Patient demographic characteristics were measured on the index date and included age, gender, US Bureau of Census region of residence, health plan type, insurance plan capitation, population density status (urban vs rural), industry type, employee classification (hourly versus salary), and union classification (union vs non-union). Clinical variables calculated during the baseline period included the Deyo Charlson Comorbidity Index (CCI); comorbidities of chronic obstructive pulmonary disease (COPD), congestive heart failure (CHF), cancer, cardiovascular disease (CVD), other musculoskeletal surgery, diabetes, and asthma; pre-period use of antibiotics, long-acting beta-agonists, short-acting beta-agonists, and systemic corticosteroids; indicator of whether there was a hospitalization in the 1 month prior to index date; 6-month pre-period costs for inpatient, outpatient, and pharmacy; and time observed for follow-up.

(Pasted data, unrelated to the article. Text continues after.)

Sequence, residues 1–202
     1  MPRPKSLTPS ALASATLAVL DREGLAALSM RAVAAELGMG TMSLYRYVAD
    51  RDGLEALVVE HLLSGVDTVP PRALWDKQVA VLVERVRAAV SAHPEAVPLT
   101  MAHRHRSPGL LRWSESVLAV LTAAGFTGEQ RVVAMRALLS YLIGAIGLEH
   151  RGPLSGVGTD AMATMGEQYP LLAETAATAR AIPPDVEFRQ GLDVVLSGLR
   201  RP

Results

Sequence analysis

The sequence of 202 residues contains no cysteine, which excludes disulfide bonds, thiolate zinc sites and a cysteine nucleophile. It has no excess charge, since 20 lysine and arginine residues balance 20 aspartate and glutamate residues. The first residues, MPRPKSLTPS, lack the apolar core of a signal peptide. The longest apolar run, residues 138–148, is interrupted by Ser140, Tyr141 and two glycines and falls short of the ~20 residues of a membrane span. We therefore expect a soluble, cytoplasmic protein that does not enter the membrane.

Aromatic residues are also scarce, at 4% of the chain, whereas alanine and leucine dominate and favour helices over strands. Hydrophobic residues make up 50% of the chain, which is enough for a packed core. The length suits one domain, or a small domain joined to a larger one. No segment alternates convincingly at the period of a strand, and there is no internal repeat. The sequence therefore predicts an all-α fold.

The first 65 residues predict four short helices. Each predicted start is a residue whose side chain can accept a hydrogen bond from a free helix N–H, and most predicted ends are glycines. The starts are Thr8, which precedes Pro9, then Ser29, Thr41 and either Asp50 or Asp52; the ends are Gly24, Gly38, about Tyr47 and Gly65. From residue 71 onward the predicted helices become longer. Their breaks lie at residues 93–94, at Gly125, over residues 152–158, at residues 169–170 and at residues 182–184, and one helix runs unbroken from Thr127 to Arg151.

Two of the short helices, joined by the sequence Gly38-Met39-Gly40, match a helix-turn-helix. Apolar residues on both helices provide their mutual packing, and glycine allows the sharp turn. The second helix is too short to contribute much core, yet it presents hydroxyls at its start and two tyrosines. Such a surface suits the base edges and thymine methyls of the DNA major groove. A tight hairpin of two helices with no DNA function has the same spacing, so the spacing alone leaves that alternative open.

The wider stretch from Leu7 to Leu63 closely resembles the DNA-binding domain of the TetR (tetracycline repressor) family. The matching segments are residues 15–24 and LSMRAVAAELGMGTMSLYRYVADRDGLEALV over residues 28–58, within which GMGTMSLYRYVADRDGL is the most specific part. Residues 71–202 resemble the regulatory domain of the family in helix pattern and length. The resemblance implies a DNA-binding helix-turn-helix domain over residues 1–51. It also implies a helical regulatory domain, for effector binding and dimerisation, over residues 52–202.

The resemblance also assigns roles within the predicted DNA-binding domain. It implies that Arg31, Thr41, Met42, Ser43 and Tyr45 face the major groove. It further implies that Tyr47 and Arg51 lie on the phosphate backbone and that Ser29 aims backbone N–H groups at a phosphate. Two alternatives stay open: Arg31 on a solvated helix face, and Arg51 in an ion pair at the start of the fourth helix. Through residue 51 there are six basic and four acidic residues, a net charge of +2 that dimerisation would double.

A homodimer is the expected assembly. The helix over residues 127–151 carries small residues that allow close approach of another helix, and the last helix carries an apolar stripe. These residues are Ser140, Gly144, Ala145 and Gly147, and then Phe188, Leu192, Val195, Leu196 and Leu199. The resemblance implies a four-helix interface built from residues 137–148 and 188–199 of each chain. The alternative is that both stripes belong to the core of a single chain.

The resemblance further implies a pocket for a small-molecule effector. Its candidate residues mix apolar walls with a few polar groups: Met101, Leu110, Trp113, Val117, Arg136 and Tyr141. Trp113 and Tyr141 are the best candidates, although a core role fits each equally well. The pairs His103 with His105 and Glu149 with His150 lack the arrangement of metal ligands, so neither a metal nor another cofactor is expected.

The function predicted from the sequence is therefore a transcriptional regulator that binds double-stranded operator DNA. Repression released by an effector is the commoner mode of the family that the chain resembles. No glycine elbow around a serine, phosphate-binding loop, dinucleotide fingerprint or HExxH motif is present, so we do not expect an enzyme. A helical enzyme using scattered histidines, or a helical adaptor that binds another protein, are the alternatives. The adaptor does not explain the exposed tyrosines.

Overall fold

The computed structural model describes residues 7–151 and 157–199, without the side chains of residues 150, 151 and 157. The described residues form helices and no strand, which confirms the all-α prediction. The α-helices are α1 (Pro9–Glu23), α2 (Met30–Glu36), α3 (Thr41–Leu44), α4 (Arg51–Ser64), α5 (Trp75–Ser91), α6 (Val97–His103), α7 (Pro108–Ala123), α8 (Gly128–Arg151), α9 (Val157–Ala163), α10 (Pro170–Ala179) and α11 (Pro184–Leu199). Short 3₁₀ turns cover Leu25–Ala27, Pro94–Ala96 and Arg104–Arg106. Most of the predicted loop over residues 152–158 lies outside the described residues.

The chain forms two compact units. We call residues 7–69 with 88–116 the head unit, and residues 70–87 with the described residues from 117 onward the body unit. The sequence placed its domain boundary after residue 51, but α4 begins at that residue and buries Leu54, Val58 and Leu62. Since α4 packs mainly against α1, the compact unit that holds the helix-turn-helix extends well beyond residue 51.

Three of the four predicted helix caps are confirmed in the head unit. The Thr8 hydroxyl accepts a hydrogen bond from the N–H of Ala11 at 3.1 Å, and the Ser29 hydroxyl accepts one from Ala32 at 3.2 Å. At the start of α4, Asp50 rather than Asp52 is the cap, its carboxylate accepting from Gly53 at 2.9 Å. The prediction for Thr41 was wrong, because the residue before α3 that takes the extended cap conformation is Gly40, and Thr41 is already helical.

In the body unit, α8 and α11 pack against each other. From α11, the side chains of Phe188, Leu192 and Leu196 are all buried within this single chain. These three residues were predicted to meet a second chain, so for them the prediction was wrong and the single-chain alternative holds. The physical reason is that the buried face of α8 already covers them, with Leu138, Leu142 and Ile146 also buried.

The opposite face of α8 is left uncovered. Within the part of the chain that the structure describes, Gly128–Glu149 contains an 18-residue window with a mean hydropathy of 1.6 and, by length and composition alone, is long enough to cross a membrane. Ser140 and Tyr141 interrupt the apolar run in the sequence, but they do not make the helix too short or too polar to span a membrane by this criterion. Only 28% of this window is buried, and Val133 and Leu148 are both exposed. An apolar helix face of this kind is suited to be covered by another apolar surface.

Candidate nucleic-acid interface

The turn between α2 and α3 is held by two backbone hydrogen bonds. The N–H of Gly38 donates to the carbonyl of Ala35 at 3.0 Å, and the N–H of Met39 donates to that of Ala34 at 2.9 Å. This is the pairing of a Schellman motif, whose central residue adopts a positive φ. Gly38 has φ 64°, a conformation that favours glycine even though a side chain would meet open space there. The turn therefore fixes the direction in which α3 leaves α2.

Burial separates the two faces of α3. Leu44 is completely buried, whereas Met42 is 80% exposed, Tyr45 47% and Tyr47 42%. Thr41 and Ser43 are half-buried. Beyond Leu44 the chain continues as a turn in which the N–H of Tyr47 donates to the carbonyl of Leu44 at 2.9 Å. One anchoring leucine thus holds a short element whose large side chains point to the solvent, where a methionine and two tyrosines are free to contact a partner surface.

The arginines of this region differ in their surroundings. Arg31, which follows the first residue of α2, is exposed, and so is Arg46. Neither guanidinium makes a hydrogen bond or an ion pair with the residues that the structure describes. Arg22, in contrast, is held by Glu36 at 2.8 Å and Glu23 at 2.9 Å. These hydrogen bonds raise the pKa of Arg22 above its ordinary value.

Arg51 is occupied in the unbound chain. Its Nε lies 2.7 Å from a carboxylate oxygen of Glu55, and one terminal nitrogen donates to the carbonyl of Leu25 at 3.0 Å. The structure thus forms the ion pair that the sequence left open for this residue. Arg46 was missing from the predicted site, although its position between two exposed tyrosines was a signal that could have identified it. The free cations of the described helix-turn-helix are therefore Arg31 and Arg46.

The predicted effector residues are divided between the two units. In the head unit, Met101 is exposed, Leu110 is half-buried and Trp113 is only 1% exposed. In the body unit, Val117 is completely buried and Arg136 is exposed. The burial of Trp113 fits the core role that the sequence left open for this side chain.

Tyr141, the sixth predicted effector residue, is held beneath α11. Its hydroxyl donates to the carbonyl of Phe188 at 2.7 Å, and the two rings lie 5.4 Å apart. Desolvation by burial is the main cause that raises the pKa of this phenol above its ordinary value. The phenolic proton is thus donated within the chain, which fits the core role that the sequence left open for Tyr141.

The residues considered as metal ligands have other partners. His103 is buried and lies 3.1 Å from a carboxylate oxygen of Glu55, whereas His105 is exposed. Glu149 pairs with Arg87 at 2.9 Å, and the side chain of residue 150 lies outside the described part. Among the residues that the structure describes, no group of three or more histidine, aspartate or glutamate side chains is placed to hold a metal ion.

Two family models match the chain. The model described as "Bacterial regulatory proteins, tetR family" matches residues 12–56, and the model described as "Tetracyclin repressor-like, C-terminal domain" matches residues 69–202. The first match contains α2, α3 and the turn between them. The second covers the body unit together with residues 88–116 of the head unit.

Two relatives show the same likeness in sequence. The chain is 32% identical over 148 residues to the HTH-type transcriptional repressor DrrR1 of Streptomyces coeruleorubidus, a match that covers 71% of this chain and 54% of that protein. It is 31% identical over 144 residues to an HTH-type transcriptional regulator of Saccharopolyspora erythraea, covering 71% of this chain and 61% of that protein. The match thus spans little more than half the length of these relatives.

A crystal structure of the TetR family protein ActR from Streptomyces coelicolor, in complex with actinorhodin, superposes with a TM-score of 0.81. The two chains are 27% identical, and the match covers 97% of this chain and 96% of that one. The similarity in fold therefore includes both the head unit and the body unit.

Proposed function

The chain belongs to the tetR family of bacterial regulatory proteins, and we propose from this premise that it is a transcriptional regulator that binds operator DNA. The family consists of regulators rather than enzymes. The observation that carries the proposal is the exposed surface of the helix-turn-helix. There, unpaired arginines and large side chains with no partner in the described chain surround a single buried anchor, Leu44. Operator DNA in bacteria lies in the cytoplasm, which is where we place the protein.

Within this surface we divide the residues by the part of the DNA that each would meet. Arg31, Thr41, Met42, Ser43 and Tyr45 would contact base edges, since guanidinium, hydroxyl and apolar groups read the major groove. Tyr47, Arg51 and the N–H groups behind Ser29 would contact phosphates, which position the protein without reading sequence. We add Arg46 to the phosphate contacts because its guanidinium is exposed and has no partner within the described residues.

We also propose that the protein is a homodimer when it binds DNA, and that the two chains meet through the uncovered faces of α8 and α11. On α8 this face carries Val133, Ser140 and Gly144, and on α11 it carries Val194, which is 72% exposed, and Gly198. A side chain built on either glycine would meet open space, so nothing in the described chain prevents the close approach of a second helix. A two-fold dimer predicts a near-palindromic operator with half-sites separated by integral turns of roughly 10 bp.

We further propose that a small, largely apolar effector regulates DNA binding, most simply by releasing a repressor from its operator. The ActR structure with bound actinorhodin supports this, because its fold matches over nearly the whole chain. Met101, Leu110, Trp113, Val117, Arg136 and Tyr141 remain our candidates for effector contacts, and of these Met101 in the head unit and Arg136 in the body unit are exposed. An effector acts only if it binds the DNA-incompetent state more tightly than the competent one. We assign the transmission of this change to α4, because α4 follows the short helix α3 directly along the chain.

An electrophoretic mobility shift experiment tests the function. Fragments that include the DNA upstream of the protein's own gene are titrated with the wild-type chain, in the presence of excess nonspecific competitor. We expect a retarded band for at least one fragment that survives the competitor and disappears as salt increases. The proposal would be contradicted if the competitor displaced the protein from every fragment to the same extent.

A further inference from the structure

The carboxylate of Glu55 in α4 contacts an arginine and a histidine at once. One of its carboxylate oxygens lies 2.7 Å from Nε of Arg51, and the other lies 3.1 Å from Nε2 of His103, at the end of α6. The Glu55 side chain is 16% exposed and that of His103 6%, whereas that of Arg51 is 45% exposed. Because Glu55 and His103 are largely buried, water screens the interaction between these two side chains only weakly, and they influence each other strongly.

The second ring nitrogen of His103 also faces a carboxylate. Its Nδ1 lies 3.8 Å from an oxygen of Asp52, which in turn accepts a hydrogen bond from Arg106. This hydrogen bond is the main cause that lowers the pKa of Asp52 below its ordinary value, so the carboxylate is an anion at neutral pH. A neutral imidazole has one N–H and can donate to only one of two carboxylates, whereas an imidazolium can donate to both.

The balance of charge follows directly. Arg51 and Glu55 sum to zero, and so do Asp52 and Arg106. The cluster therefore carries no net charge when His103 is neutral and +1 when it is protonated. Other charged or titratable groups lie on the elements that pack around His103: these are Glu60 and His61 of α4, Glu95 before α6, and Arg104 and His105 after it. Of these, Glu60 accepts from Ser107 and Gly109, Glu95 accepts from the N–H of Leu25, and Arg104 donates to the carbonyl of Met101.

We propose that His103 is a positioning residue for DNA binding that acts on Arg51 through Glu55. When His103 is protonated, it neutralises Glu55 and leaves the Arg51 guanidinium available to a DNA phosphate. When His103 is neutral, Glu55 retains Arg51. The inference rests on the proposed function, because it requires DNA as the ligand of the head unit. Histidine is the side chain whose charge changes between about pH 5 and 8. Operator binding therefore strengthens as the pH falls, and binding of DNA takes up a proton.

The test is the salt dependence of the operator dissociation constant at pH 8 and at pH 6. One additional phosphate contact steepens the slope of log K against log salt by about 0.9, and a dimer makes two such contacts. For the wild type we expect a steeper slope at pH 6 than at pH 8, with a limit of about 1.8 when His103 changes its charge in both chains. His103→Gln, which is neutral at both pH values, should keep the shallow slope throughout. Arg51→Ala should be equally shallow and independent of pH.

Incidence of CAP
The incidence of CAP for the 5-year study period was calculated based on all the eligible benefi ciaries in the Commercial Database between January 1, 2003, and December 31, 2007, that had at least 6 months of uninterrupted enrollment preceding the index date for pneumonia or controls. The numerator was the number of cases during the study period. The denominator was the total enrollment time during the study period in the Commercial Database among potentially eligible patients. Incidence rates were reported as CAP cases per 1000 person-years and stratifi ed by gender and age categories.
Excess Cost of CAP